If you want to make your own Maker Girl action figure, you’ve come to the right place. I’ve tried to document as best I can, and have split some instructions off as “advanced” so there’s more than one way to do it.

Note that you need to be pretty good at sewing and 3D printing stuff.

Zip file with sewing patterns, 3D print files, and vinyl cutter files: (7MB)

These design files are available for your personal use. Please do not upload onto other sites. You can link back to this page instead.


  1. Acquire doll. Patterns are made for an 11″ doll. Recommendations given in Materials section.
  2. Sew jumpsuit from blue spandex fabric. Cut cape out of red fabric.
  3. Use a Silhouette vinyl cutter to make the pieces for the M logo. You could also draw/paint this onto the jumpsuit or figure out your own method.
  4. 3D print the boots, arm braces, and belt in red PLA. (Advanced: use red Flex PLA) 3D print the wrench and drill in yellow or gold PLA.
  5. Advanced (Optional): Use a hot glue gun to glue flat disk neodymium magnets to the bottom of the boots and into the insets on the belt. Use a drill with 1/8″ bit to drill holes for spherical magnets on the wrench, drill, and the hand of your doll. Use hot glue gun to mount spherical magnets.
  6. Advanced (Optional): 3D print the head. Paint. Replace the head of the existing doll with your custom made head.


Doll Body

I used a Liv doll body to make the original Maker Girl. These are no longer in production, but you can find them on Ebay. They come with really big heads, so you will need to remove that and either make your own head or use a head from another toy.

Divergent DollThe easiest way is to buy a Mattel doll that has joints. The blonde haired doll in the photo uses the Divergent Barbie. (Only $12 right now on Amazon)

Other options:

Barbie Style Grace

Disney Descendants (All of this line has jointed bodies)

Hunger Games Katniss

Or best thing is to use a doll you already have, or spiffy up an old doll. Reusing is a good thing.


For the jumpsuit, use a good two-way stretch spandex that has at least 50% stretch. Choose something that is slightly thicker, it will be easier to sew than the flimsier spandex. I got this at Mood Fabrics, so I don’t have a link.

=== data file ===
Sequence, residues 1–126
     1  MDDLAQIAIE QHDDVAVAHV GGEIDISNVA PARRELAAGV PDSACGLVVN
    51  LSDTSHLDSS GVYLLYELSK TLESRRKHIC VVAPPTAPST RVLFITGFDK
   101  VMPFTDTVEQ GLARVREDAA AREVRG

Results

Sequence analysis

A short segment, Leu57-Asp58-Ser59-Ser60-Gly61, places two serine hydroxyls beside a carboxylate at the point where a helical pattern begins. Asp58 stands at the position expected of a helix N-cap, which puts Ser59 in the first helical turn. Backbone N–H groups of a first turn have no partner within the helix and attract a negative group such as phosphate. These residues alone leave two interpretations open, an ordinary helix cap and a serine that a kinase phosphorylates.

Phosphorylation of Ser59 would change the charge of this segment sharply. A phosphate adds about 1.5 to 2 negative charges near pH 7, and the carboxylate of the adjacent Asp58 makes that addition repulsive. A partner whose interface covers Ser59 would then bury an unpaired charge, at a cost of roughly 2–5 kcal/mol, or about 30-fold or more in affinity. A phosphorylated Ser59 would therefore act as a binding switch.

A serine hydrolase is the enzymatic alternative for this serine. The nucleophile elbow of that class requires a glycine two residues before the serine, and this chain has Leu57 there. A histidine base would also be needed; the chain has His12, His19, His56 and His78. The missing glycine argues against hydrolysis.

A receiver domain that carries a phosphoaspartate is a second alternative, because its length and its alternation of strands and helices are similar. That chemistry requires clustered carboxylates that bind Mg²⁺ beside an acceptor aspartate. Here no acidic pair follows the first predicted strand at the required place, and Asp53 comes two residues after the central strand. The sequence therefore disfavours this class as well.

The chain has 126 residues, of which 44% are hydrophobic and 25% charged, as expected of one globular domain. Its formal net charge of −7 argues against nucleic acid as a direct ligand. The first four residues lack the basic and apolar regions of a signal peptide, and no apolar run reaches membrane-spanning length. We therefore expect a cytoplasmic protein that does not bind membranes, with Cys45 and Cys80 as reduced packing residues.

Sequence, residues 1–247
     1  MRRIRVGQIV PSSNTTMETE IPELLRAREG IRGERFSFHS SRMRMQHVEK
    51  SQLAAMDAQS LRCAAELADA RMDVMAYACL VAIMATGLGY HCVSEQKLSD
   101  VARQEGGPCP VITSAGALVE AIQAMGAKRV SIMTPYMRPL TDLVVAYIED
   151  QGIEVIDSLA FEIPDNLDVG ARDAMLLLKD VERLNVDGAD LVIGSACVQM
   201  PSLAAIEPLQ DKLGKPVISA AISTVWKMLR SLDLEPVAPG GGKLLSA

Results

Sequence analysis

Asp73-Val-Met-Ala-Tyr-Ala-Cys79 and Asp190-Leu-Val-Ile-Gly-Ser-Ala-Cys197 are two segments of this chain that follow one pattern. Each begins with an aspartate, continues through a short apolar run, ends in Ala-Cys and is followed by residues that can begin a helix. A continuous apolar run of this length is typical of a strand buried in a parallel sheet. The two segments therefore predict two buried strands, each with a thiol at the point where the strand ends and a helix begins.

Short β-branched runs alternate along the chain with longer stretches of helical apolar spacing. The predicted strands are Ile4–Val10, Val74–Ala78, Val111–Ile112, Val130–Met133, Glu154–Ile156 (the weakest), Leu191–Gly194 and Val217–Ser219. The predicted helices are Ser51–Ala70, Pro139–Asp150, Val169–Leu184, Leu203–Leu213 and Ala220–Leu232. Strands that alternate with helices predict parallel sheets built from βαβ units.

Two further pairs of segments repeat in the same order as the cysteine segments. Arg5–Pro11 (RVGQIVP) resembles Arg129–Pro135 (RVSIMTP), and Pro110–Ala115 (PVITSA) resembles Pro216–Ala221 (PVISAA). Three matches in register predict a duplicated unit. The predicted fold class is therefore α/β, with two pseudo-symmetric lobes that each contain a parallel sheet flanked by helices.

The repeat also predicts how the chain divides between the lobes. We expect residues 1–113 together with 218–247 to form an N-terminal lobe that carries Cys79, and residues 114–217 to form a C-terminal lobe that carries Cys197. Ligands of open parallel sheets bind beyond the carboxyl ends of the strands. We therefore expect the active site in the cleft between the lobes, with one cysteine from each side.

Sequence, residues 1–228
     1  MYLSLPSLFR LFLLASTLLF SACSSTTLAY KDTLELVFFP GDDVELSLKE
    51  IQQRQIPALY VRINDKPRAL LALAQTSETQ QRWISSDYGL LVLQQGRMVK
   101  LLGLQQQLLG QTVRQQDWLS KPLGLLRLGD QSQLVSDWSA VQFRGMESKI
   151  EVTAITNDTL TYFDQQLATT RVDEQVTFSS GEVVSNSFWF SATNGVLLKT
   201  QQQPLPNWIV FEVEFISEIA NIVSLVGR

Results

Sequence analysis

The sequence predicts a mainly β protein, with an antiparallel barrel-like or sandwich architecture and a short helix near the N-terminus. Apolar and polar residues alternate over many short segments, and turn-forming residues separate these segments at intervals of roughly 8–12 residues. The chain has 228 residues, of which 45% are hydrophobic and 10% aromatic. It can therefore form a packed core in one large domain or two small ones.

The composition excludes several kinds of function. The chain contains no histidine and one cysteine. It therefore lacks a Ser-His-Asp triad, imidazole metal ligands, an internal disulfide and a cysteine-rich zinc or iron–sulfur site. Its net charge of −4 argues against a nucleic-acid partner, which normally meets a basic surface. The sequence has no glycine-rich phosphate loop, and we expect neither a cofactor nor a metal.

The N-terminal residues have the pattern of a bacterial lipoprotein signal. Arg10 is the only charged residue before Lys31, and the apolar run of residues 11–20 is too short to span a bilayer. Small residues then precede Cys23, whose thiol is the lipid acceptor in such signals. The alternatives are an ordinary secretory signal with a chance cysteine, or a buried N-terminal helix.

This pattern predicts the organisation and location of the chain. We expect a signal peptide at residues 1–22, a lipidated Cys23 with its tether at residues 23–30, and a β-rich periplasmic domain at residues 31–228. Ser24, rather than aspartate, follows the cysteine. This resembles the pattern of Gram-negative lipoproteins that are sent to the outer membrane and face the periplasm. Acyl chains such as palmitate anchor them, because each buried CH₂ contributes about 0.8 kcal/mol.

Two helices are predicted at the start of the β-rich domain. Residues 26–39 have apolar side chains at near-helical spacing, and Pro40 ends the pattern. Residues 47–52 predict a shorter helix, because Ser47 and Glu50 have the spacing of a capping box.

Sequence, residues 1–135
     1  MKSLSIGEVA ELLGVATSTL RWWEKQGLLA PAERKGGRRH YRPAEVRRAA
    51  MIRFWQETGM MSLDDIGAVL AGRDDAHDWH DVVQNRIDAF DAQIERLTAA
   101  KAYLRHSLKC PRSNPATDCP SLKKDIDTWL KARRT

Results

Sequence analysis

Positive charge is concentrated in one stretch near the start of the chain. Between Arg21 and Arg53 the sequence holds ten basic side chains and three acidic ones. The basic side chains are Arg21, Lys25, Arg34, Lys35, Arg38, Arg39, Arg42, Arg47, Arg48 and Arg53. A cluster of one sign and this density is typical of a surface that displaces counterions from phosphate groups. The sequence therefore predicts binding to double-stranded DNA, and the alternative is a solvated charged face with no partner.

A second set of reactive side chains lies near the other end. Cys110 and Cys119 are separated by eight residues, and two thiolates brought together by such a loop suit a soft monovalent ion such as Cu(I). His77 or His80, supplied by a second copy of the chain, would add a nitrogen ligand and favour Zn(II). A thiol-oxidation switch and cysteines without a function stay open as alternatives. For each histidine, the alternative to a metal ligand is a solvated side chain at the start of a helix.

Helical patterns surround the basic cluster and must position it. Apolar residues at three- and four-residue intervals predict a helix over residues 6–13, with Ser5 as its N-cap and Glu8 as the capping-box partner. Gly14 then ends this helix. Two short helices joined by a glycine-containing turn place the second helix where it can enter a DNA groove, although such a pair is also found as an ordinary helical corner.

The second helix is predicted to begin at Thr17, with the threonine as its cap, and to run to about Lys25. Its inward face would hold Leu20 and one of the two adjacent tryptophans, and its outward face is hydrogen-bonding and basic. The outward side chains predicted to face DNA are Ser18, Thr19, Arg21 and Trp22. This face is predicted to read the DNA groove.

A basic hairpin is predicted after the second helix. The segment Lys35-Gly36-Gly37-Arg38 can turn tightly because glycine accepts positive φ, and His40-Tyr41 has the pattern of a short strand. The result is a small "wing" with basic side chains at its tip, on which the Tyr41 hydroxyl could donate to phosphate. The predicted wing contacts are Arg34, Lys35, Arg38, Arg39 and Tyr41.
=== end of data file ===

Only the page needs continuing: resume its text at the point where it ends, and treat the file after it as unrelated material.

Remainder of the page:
For the cape, I found this great metallic red spandex that cuts easily. The main goal is to find something that doesn’t fray at the edges. (Only $5 with shipping included)

Sewing Supplies

  • Sewing machine
  • Ball point needle (essential for sewing stretchy fabric)
  • Olfa rotary cutter (I prefer using this…you could make do with scissors)
  • Olfa cutting mat
  • scissors
  • matching blue thread
  • pen or fabric marker

3D Printing

I use an Ultimaker 2 printer. The files should work on most desktop machines.

PLA filament is easy to get. However, the accessories work much better printed in Flex PLA. Especially the boots. There are different sources of Flex PLA, but the kind that is easiest to use is the MatterHackers brand. It’s stiffer than other kinds, so it sticks to the print bed easily, and it works on bowden-feed machines.


If you have Flex PLA already but not in red color, you can paint it with acrylic paint. The glossy kind seems to stick a bit better. Nylon filament is also flexible enough. If you know how to print with nylon filament, I’ll leave that to you.


For magnets, I get them from Ebay

1/4″ Disk Magnets

1/8″ Sphere Magnets

Plus drill and hot glue gun for mounting the magnets.

And if you have a Silhouette vinyl cutter, I’m guessing you already know where to get vinyl.

Moving on…

Make Jumpsuit and Cape

Make the Logo

I used heat press vinyl in the original instead of adhesive vinyl because the finish comes out more professional. But the logo is small enough for adhesive vinyl to be okay.

3D Print the Accessories

Boots and arm bracers, PLA (use files marked pla), Print Settings:

  • Wall thickness: .4mm
  • Layer height: .2mm
  • Speed: 30mm/s
  • Bottom fill: 4mm
  • Top fill: 0
  • Infill: 0
  • No Supports

Tip: If you have trouble fitting the PLA printed accessories onto the doll, dip the parts in hot water to soften them, then quickly fit onto doll.

Boots and arm bracers, Flex PLA (use files marked spiralize), Print Settings:

You must print one part at a time for spiralize to work.

  • Turn on Spiralize setting.
  • Wall thickness: .8mm
  • Layer height: .15mm
  • Speed: 20mm/s
  • Bottom fill: 4mm
  • Top fill: 0
  • Infill: 0
  • No Supports

Belt, drill, and wrench:

Use your normal print settings for PLA


Use a drill with a 1/8″ bit to make the holes in the accessories and doll hand for the spherical magnets. Use a hot glue gun to glue the magnets in. (Use very little glue, or the magnets won’t fit.)

Note: If you are making this for a child to play with, Do Not put magnets in. It’s a health hazard.

Optional: Make the Head

You need significant drawing and painting skills for this. I included the 3D model, which I managed to print on my Ultimaker 2 with hollow settings.

  • Wall thickness: 1.2mm
  • Layer height: .15mm
  • Speed: 25mm/s
  • Infill: 0
  • Bottom fill: 0

This really needs a separate dedicated post about making heads. In short, it’s a lot of sanding, then primer, acrylic paint, matte sealer, gloss varnish, matte sealer. If you order a SLS print from Shapeways, it’s significantly easier. I will update once I get some new prints in.